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One Picture

SPECIFICATIONS

Photographer: Marsel van Oosten (squiver.com)
Subject: Bull elephant at Victoria Falls, Zambia
Camera: Nikon D2X digital SLR
Lens: Nikkor AF-S 28-70mm f.2.8
Exposure: 1/160th of a second @ f/13, ISO 200

Falls Guy
Here are the historical facts: Victoria Falls, on the border of Zimbabwe and Zambia in Central Africa, was “discovered” in November 1855 by the Scottish-born explorer David Livingston. He had sailed down the untamed Zambezi River in a canoe “with men well acquainted with the rapids” to see for himself a phenomenon native people called “the smoke that thunders.” That is, the columns of spray that tower sky-high over the falls, especially during the flood season. Livingston landed on an island at the lip of the falls, a curtain of water 5,500 feet wide that plunges to a maximum of 355 feet, and he would write that “I believe that no one could perceive where the vast body of water went; it seemed to lose itself in the earth.”

Here is another good story. “When I was shooting for a photo book in Zambia, one of the locations I visited was Victoria Falls,” says Marsel van Oosten, a professional nature photographer from Amsterdam whose work has been featured in galleries and museums, used worldwide in advertising and popular magazines, and won top awards. “When I thought of the billions of pictures that must have been taken there, I almost decided to go without my camera. That was until I spoke with some of the local people, who told me they had seen a bull elephant crossing the river the day before. So I decided to stay a few extra days and try my luck.”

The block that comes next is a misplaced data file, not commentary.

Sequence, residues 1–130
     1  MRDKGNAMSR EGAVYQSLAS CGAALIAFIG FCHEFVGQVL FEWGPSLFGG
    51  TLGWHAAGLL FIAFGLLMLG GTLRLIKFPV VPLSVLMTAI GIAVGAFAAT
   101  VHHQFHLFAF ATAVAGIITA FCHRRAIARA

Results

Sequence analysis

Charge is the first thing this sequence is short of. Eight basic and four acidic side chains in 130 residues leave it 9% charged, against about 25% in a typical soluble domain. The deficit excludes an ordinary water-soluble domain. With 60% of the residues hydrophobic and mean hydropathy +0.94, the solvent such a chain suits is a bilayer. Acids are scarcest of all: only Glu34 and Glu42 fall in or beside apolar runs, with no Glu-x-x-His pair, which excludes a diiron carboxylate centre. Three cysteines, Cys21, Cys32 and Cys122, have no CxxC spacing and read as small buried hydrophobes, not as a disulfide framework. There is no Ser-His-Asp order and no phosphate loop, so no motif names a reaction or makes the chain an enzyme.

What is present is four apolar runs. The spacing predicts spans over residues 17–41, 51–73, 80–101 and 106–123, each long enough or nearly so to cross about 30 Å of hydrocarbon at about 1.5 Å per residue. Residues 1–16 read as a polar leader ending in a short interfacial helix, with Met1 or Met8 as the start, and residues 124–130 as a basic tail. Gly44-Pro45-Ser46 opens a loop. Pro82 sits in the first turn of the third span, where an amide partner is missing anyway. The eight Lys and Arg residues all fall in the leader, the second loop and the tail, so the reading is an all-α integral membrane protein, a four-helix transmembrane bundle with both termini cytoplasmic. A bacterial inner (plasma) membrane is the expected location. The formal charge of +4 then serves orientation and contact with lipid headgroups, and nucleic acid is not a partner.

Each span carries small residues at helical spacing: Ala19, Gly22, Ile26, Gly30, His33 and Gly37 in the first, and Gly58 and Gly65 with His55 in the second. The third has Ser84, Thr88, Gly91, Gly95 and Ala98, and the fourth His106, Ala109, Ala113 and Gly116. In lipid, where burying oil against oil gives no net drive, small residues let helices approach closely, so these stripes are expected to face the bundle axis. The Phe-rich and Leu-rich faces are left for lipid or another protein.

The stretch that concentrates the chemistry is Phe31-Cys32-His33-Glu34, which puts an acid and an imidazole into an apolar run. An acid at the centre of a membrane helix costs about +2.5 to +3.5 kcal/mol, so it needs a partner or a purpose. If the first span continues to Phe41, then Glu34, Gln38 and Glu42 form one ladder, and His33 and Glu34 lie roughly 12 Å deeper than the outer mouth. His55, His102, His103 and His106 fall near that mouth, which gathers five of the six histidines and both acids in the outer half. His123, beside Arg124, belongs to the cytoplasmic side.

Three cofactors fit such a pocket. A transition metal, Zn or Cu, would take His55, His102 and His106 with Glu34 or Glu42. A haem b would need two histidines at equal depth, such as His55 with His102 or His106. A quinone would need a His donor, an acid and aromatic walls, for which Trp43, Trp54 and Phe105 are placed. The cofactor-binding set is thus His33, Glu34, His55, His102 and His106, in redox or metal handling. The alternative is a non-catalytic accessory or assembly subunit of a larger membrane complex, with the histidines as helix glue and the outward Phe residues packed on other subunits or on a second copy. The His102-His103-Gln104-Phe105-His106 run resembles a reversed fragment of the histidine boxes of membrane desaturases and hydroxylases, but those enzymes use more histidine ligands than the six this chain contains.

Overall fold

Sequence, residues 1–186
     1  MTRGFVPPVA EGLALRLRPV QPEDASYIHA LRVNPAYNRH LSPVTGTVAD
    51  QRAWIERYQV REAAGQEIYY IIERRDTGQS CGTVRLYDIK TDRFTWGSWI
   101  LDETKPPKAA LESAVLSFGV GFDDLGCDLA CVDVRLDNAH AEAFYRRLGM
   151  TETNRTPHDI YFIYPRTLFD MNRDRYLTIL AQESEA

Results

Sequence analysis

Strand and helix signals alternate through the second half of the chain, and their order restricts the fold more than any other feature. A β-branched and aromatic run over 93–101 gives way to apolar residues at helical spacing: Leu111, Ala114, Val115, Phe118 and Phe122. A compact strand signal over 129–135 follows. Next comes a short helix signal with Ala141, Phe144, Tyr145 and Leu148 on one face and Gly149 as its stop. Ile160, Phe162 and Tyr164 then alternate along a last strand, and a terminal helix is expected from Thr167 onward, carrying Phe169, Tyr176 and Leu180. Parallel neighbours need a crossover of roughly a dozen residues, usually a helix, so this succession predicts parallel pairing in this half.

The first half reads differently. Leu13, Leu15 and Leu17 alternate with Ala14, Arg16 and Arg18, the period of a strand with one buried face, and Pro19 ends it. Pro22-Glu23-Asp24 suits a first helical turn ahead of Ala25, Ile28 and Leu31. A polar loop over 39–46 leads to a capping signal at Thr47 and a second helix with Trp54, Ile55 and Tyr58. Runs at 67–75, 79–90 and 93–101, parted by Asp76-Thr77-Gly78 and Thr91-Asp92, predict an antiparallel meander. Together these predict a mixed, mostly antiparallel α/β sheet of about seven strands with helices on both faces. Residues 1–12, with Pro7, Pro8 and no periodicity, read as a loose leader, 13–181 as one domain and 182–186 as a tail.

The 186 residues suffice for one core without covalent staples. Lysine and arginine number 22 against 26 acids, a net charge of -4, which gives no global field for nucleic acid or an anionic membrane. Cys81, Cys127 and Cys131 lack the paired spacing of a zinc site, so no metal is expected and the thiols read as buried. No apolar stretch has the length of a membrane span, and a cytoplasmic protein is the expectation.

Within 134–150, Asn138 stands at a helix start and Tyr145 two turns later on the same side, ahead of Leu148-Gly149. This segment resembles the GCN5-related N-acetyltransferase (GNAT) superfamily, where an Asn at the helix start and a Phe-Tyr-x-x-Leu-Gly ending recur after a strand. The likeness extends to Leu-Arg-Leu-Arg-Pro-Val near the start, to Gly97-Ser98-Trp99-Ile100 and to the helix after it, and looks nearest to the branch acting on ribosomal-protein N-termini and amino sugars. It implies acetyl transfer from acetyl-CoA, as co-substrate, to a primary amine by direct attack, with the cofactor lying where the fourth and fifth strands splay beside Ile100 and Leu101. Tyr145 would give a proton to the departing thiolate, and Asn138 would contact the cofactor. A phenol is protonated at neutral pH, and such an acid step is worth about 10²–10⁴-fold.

The course of the Zambezi, he explains, is dotted with tree-covered islands, which increase in number as the river approaches the falls. In the dry season, when the river is low, the islets on the crest become wider and more numerous with exposed paths between them that open up fresh foraging opportunities for wild animals. “On the third day,” van Oosten recounts, “I left very early with a small boat to reach my location on Livingston Island, where I suddenly saw the lone bull approaching the falls. I collected my gear and moved carefully toward the edge, where the water plummets into a chasm—not a great place to be when you’re afraid of heights. I set everything up to include as much as possible of the falls in the composition. And I knew I had just witnessed and captured something very special.

“Later, the local people told me they had never seen an elephant so close to the edge of the falls—exactly what I wanted to hear!”—Les Line

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